Danielle stumbled into her kitchen after a day of work, searching for something edible. She stared into the cold light of the near-empty fridge with glassy Muppet sized eyes and sneezed for the umpteenth time. Being sick sucks, she thought, and chicken soup is overrated. Her taste buds had the strength of a Sprint cellphone signal so she decided on something intense, spicy and garlicky.
While the fridge offered little more than a few cloves of garlic, ginger root, tofu, and a handful of mushrooms, the freezer held a pleasant surprise—a bag of frozen shrimp. Finally, a bottle of Sriracha sauce offered spicy salvation.
Oddly enough, this thrown-together meal was one of the best I have cooked in a long time. The ginger and garlic opened up my palate, allowing me to really taste the shrimp and mushrooms, which lightly caramelized and added more flavor to the pan. Even the tofu tasted good! Because I am a heat fiend, I Jackson Pollock’d the Sriracha sauce over all the ingredients before giving it all one last stir. Next time I’ll toast some sesame seeds to top it. But for now, here’s my simple recipe to blaze through an early spring cold.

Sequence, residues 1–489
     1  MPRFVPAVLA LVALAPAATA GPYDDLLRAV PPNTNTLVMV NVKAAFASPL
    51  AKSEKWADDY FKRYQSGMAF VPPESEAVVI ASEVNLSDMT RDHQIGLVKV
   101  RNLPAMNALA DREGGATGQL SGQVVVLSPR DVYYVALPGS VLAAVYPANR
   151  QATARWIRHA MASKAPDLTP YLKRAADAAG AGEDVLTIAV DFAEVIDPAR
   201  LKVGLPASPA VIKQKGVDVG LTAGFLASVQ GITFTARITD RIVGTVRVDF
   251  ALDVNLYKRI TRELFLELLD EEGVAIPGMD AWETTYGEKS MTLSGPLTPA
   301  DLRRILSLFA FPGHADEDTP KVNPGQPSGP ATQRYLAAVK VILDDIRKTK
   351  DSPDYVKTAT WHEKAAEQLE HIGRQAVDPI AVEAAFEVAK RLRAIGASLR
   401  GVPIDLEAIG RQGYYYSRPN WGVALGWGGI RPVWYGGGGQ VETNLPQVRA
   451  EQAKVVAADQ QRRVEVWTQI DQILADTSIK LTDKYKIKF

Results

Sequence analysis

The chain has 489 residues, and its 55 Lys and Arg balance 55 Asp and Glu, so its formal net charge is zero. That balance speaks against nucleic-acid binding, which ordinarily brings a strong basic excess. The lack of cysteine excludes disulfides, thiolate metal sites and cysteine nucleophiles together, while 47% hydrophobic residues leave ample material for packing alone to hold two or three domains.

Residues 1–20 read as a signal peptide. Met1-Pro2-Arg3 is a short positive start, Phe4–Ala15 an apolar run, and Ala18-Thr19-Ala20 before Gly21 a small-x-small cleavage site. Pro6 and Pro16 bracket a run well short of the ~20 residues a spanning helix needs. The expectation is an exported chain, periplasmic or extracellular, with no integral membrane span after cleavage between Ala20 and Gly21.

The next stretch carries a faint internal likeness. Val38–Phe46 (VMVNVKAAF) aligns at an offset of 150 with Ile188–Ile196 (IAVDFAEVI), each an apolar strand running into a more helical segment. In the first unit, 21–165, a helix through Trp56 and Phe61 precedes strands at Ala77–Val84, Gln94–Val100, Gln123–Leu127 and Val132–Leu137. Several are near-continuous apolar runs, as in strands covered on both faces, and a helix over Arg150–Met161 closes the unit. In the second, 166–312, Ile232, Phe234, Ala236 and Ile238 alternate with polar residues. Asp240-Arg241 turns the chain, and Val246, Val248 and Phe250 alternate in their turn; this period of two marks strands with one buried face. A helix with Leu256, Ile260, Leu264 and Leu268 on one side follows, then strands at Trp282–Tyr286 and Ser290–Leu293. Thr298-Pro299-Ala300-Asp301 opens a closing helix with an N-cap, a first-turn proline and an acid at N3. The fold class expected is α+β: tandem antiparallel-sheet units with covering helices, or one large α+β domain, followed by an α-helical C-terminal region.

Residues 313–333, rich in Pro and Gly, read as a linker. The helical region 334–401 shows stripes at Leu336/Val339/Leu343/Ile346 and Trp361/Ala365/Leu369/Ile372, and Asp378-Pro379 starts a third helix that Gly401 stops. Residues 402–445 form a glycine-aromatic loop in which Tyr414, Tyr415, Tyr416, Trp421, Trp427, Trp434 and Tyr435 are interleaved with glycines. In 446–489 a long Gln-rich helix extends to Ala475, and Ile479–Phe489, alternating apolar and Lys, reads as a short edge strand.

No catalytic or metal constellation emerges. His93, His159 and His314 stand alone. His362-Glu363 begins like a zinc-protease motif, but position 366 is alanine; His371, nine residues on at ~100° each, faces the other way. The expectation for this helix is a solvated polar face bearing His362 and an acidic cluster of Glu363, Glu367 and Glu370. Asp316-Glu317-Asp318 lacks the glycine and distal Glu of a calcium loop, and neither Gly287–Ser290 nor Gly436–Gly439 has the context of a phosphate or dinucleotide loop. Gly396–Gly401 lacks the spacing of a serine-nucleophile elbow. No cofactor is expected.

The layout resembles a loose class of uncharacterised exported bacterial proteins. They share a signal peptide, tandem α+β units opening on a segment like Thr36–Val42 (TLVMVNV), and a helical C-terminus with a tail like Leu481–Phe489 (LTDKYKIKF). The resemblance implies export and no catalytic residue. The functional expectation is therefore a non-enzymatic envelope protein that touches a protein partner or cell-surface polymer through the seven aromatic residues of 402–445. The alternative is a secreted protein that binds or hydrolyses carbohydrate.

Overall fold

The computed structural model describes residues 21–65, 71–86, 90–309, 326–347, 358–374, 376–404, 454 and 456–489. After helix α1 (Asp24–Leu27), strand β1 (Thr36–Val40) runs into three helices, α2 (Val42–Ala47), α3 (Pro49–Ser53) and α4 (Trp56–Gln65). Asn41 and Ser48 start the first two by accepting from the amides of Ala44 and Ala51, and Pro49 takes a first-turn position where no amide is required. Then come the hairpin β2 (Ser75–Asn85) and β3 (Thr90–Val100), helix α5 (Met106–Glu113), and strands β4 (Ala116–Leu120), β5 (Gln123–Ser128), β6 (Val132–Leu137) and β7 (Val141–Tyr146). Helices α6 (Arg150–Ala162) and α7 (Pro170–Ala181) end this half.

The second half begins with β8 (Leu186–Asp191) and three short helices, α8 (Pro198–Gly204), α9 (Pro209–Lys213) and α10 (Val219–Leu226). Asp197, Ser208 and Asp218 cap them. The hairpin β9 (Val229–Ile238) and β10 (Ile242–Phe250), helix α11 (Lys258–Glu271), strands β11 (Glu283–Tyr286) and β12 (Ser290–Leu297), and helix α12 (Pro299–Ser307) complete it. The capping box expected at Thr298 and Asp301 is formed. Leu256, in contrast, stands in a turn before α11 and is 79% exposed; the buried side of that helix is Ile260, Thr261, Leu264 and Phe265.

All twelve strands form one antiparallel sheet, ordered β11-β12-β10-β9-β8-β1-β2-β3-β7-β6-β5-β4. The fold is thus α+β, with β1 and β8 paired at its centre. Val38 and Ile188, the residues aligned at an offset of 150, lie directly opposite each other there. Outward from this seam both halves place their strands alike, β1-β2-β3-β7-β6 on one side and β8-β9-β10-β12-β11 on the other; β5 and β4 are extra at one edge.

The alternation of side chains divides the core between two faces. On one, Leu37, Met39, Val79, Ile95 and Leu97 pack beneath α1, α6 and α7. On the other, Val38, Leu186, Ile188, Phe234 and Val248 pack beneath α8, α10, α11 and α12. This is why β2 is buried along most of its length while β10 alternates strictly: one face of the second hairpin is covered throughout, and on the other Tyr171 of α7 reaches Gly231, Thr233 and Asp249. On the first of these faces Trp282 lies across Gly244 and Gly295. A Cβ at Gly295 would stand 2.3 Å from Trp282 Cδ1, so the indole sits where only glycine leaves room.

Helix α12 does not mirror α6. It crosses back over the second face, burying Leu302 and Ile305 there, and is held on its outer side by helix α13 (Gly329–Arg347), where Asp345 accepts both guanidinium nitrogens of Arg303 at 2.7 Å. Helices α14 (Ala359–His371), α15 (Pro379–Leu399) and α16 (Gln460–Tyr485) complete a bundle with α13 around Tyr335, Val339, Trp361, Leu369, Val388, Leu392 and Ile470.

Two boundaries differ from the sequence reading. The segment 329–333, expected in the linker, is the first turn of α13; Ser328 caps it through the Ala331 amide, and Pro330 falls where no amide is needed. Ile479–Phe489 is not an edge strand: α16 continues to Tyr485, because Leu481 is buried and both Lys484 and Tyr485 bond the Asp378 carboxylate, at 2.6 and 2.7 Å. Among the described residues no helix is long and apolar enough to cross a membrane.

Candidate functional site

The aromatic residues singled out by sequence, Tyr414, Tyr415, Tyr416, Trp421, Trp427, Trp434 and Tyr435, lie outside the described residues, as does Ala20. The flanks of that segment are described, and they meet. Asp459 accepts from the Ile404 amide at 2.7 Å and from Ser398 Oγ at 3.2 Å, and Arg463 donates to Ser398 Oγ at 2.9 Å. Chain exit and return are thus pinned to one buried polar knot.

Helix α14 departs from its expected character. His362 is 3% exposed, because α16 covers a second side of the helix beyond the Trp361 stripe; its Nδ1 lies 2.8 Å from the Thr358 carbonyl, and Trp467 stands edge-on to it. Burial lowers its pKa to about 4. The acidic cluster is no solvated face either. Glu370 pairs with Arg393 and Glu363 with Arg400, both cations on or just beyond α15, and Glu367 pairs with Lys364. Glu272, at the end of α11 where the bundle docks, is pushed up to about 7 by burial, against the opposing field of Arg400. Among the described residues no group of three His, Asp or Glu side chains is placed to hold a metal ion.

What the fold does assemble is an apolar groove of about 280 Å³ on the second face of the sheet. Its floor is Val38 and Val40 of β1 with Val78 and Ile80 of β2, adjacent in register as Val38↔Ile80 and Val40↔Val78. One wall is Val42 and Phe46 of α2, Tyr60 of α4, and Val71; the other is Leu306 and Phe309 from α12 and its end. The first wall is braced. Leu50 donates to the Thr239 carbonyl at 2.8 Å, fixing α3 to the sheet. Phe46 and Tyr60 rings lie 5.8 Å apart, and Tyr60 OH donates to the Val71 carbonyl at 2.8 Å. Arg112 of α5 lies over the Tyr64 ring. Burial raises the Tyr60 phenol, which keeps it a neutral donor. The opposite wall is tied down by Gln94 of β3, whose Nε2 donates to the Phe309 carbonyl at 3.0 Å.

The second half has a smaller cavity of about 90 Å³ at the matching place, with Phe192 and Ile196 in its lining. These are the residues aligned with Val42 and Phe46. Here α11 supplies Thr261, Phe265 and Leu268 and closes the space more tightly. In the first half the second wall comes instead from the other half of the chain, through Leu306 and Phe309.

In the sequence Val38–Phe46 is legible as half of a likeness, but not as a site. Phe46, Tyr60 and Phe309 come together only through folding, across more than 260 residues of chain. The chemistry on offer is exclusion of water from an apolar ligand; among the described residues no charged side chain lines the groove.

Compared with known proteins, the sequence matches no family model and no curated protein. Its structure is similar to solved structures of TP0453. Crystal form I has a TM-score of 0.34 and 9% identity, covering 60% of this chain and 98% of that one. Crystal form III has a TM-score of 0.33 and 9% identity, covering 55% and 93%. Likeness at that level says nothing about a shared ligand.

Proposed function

Spicy Garlic Ginger Shrimp
Prep time:30 minutes
Cook time:10 minutes
Makes 2 servings
- 1 block of firm tofu
- 1/2 pound shiitake mushrooms
- 3 tablespoons peanut oil
- 4 garlic cloves, minced
- 2 tablespoons finely chopped ginger
- soy sauce
- 1 1/2 dozen shrimp, peeled and deveined
- Sriracha to taste
Prepare the tofu as you would for baked tofu, pressing it between 2 baking sheets for 20 minutes to squeeze out excess water. Cut into cubes.
Clean and remove the shiitake stems, then slice the mushroom caps into strips.
Heat the peanut oil in a large saucepan over medium heat.
Add the chopped garlic and ginger and cook for 1 minute to release their aromas.
Add the tofu and mushrooms to the pan, stirring to coat with the hot oil. Cook for 3-4 minutes until they are browned.
Stir in the shrimp and cook for another 3-4 minutes until the shrimp are pink and just cooked through.
Add the Sriracha, adjusting the amount according to how much spice you can handle.